Vata is the main dosha which would cause extreme pain. If vata is not controlled at the proper time with proper interventions, it can undergo severe aggravation and cause pain. Similarly, if pain is not controlled for a long time duration, the pain would cause an increase in vata.

We have seen a lot of people with pain having delirium. As a remedy, better pain management or vata management helps in getting better of delirium episodes.

Nidra & Pralapa

We have seen that people who have had no good sleep or patients of chronic insomnia or those having sleep deprivation exhibit moderate to severe proportions of delirium. Disruption of the sleep-wake cycle increases the likelihood and risk of delirium.

‘Ajnana’ – ignorance, idiocy or disorientation is said to manifest when a person does not sleep well.

Ageing and Pralapa

With ageing, it is quite natural that vata gets increased in the system. The structures and their functioning start deteriorating with ageing. We all have seen aged people speaking to themselves or speaking something out of context. This is due to aging, feeling of rejection and separation and many times due to chronic illness and feeling of helplessness.

Social isolation and Pralapa

When a person is socially isolated or separated, it may cause or trigger delirium. This would cause ayoga or hinayoga (deficit contact) of indriyas (sense organs) with their respective arthas (sense objects). This would affect the mind. The person feels frustrated since he cannot communicate with anyone. The urge to talk may provoke udana vata and the person starts speaking to self, irrelevantly. This may be a part and parcel of a big spectrum of other symptoms.

Madatyaya & Pralapa

People who consume excessive alcohol too exhibit episodes of delirium. The irrelevant talk of a chronic alcoholic is due to the effect of alcohol on the body and mind.

Symptoms of Delirium & Doshas

Predominant Symptoms of Delirium vs Dosha link

a. Predominant Symptoms

Sl No Primary Symptoms of Delirium Dosha involved
1 Reduced awareness Vata, Raja
2 Trouble focusing or changing topics Vata, Raja
3 Getting stuck on ideas Vata, Raja
4 Easily distracted or withdrawn Vata, Raja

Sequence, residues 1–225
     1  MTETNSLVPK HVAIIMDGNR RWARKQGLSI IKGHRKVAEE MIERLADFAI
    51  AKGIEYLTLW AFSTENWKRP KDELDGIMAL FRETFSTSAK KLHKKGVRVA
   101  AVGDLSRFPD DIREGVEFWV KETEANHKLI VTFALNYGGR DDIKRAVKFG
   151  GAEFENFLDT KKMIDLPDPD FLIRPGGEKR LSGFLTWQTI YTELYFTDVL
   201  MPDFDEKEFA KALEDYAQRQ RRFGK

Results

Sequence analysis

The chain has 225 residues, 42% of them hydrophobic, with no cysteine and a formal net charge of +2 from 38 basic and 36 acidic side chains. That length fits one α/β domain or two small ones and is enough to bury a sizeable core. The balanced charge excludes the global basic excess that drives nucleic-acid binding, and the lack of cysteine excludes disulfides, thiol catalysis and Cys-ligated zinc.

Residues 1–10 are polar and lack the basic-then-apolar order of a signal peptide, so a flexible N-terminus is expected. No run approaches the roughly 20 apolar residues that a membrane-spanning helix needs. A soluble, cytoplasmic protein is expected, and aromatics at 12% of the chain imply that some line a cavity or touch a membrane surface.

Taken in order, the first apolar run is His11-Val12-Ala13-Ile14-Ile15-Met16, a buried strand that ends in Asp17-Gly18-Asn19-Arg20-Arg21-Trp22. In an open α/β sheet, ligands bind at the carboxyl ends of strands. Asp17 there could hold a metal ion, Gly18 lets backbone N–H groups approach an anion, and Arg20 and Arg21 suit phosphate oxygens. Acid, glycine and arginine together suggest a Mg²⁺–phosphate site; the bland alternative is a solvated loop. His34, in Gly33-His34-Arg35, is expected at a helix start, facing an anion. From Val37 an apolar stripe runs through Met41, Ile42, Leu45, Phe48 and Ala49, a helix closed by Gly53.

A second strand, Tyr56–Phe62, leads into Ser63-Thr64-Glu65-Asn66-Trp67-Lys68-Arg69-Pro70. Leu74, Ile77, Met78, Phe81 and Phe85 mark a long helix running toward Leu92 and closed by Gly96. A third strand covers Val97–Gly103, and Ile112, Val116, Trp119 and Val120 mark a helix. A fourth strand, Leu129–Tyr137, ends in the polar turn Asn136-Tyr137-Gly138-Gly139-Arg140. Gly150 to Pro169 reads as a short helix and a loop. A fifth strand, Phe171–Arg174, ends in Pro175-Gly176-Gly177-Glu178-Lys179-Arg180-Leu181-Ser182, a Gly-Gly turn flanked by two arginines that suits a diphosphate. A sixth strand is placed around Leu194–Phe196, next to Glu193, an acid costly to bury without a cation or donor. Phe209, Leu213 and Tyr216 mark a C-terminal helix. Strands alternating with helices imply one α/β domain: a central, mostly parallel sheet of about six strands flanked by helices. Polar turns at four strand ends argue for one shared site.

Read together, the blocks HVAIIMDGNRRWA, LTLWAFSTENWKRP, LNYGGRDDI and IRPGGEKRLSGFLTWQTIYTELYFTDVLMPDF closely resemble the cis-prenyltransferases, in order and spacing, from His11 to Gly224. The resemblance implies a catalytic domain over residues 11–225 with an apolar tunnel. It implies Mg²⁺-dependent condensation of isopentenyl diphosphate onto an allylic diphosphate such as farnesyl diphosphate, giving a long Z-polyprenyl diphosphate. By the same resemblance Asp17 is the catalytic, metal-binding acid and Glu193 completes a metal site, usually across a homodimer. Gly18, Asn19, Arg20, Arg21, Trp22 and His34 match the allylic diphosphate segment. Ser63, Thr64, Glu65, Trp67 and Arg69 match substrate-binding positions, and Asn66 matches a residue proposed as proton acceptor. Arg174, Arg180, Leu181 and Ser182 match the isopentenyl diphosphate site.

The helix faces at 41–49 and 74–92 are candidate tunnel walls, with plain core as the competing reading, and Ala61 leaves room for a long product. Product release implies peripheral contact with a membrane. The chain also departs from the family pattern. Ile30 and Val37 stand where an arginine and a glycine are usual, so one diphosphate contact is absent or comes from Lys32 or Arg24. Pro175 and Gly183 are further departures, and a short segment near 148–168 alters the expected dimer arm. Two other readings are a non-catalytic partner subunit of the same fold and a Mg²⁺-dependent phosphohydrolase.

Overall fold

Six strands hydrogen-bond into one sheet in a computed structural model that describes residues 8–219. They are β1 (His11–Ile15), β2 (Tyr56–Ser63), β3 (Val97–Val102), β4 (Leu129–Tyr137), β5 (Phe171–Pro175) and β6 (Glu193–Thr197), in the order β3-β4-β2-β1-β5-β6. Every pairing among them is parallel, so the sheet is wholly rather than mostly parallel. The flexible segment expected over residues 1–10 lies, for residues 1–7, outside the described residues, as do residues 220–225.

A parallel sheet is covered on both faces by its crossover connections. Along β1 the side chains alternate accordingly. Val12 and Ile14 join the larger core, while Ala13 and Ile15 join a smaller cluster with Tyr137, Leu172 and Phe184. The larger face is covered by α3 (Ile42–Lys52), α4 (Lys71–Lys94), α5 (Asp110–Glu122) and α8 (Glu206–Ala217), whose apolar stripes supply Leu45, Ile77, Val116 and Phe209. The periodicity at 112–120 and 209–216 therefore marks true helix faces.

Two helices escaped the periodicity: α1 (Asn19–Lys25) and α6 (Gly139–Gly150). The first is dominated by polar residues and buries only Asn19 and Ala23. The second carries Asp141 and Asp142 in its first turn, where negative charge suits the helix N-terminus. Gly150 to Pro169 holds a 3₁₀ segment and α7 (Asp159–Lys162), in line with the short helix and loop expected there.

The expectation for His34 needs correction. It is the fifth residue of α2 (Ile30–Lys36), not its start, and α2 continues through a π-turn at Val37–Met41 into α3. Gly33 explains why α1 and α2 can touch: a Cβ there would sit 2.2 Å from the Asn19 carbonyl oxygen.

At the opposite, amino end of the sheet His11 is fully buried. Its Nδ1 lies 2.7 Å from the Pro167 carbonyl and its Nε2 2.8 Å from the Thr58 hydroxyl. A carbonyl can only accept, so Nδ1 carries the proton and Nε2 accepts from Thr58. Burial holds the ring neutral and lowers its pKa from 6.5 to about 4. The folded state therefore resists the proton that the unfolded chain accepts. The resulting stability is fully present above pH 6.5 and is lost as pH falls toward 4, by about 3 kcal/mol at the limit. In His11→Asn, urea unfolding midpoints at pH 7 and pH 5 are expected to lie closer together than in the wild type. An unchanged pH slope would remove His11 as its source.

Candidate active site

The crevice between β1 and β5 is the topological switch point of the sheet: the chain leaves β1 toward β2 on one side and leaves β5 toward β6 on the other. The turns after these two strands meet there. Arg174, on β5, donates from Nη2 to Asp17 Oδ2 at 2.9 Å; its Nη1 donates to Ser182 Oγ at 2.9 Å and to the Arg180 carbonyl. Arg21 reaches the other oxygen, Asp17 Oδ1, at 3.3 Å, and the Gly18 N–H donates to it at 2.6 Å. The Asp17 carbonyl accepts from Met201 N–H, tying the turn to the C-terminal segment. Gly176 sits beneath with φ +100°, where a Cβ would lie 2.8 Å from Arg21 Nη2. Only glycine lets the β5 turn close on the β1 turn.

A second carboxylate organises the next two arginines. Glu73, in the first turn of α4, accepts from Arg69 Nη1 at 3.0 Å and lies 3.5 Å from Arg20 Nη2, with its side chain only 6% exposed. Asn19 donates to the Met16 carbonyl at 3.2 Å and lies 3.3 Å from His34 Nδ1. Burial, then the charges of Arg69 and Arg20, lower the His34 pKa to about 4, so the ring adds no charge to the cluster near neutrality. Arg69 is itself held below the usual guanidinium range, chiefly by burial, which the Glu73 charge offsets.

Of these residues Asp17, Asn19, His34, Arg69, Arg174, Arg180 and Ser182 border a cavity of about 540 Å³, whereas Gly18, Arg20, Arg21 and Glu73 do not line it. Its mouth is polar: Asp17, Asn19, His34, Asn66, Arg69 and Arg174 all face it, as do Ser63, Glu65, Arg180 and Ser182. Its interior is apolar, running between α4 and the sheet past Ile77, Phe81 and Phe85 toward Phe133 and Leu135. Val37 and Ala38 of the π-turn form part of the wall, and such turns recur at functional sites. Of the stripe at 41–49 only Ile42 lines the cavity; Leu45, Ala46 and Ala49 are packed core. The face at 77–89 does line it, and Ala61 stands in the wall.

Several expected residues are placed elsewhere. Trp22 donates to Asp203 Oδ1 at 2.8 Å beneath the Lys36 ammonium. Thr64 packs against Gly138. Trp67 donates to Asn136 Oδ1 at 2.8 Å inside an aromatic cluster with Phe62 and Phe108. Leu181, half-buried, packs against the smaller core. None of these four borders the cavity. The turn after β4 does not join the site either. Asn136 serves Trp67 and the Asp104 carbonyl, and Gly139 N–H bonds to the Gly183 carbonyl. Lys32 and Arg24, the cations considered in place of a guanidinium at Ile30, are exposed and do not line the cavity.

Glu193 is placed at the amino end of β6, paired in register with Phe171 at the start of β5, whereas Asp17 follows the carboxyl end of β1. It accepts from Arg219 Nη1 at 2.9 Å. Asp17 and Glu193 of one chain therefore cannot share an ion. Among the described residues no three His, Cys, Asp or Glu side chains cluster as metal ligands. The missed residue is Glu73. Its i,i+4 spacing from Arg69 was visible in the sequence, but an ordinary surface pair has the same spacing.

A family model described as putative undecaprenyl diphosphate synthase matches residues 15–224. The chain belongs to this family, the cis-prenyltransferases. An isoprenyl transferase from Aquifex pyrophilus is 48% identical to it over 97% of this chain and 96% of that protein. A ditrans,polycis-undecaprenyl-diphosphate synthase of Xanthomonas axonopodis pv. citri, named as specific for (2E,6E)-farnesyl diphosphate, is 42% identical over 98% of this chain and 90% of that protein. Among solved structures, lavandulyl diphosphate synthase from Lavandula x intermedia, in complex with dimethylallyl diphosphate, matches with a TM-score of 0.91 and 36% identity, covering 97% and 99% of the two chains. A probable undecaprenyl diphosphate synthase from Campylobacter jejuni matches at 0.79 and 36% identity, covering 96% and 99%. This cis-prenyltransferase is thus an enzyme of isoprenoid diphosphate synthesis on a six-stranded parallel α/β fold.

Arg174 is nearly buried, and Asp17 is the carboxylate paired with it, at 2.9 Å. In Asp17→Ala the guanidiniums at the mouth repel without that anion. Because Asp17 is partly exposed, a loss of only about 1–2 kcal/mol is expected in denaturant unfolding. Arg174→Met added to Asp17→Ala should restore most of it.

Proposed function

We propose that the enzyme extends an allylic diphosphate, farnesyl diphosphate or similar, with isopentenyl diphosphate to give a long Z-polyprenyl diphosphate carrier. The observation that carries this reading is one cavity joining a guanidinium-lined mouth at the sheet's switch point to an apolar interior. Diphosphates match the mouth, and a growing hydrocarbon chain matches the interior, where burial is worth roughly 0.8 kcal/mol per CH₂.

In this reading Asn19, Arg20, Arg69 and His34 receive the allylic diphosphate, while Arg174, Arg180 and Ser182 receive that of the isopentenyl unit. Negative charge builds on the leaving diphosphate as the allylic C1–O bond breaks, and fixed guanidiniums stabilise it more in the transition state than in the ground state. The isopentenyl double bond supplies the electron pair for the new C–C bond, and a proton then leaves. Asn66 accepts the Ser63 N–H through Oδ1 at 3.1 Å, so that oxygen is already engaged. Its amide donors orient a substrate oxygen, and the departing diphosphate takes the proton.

5 Poor memory, forgetfulness Vata, Raja
6 Confusion regarding location or identity Vata, Raja
7 Trouble with speech Vata, Raja
8 Trouble understanding Vata, Raja
Sl No Behavioural and Emotional Changes in Delirium Dosha involved
1 Anxiety, fear or distrust Vata, Raja
2 Depression Kapha, Tamas
3 Sudden anger Pitta, Raja
4 Sense of elation / emotional numbness Vata, Raja
5 Quick mood swings or personality changes Vata, Raja
6 Hallucinations or restlessness Vata, Raja
7 Vocalizations / quiet withdrawal Vata, Raja, Kapha
8 Slowed movement or agitation Kapha + Tamas, Vata + Raja
9 Changes in sleep patterns Vata, Raja

c. Other symptoms

Sl No Other symptoms Dosha involved
1 Symptoms worsening at night Vata, Raja
2 Dementia Vata, Tridosha,
3 Incidents of fall Vata
4 Cognitive impairment Vata, Raja
5 Diminished physical disabilities Vata, Raja
6 PTSD Vata, Raja
7 Loss of independence Vata

Principles of Management of Delirium / Pralapa

Nidana Parivarjana

Keeping away the causative factors is the golden principle of treating delirium, just like in any other disease.

Managing Vata imbalances

We have learnt that the vitiated vata is the main troublemaker in causation of delirium episodes. Effective balancing and maintenance of vata is the key ingredient in management of delirium / pralapa. Vata balancing foods, lifestyle activities, emotions, behaviours, medicines and therapies should be comprehensively planned. Following proper and planned seasonal regimen during vata aggravating seasons will help.

Dealing with Pitta and Kapha

There may be variants of delirium in which symptoms may indicate involvement or association of pitta and kapha. When found, they should be promptly addressed and dealt with.

Dealing with dhatu kshaya

Balance of the tissues of the body is one of the key ingredients of comprehensive health. Dhatu Kshaya not only lowers the immunity and strength of an individual, but also causes vata aggravation. This vata will cause many vata disorders including delirium or delirium could manifest as a symptom of any disorder caused by agitated vata. Any deficits of tissues should be identified and treated accordingly.

Exploring Marma Involvement

Marmas are the vital spots of the body which behold Prana energy. Injury to different marmas can cause different effects at physical, mental or psychosomatic planes. When conventional medicines for vata or disease involved are not working to the best of expectations, it is important to explore if any marma or marmas are involved and address them if it is found that they have been insulted or injured.